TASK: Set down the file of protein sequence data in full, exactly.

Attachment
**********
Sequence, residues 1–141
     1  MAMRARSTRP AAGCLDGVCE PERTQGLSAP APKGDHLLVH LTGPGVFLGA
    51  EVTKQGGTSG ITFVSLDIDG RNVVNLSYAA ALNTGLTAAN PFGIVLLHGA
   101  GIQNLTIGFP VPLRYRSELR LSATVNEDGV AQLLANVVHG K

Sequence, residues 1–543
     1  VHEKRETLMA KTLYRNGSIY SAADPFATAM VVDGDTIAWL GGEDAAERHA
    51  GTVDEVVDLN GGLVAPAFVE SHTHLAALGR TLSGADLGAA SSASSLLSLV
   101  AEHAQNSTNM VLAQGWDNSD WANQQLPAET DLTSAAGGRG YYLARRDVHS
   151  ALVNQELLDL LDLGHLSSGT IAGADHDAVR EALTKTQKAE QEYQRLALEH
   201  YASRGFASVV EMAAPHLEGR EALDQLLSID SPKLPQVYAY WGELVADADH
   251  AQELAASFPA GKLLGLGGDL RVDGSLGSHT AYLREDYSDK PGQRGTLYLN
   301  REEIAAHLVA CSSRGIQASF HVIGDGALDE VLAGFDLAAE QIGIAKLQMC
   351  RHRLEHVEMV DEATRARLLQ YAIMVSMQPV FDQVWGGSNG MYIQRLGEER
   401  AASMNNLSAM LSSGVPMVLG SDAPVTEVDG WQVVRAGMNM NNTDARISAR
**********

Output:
Sequence, residues 1–141
     1  MAMRARSTRP AAGCLDGVCE PERTQGLSAP APKGDHLLVH LTGPGVFLGA
    51  EVTKQGGTSG ITFVSLDIDG RNVVNLSYAA ALNTGLTAAN PFGIVLLHGA
   101  GIQNLTIGFP VPLRYRSELR LSATVNEDGV AQLLANVVHG K

Sequence, residues 1–543
     1  VHEKRETLMA KTLYRNGSIY SAADPFATAM VVDGDTIAWL GGEDAAERHA
    51  GTVDEVVDLN GGLVAPAFVE SHTHLAALGR TLSGADLGAA SSASSLLSLV
   101  AEHAQNSTNM VLAQGWDNSD WANQQLPAET DLTSAAGGRG YYLARRDVHS
   151  ALVNQELLDL LDLGHLSSGT IAGADHDAVR EALTKTQKAE QEYQRLALEH
   201  YASRGFASVV EMAAPHLEGR EALDQLLSID SPKLPQVYAY WGELVADADH
   251  AQELAASFPA GKLLGLGGDL RVDGSLGSHT AYLREDYSDK PGQRGTLYLN
   301  REEIAAHLVA CSSRGIQASF HVIGDGALDE VLAGFDLAAE QIGIAKLQMC
   351  RHRLEHVEMV DEATRARLLQ YAIMVSMQPV FDQVWGGSNG MYIQRLGEER
   401  AASMNNLSAM LSSGVPMVLG SDAPVTEVDG WQVVRAGMNM NNTDARISAR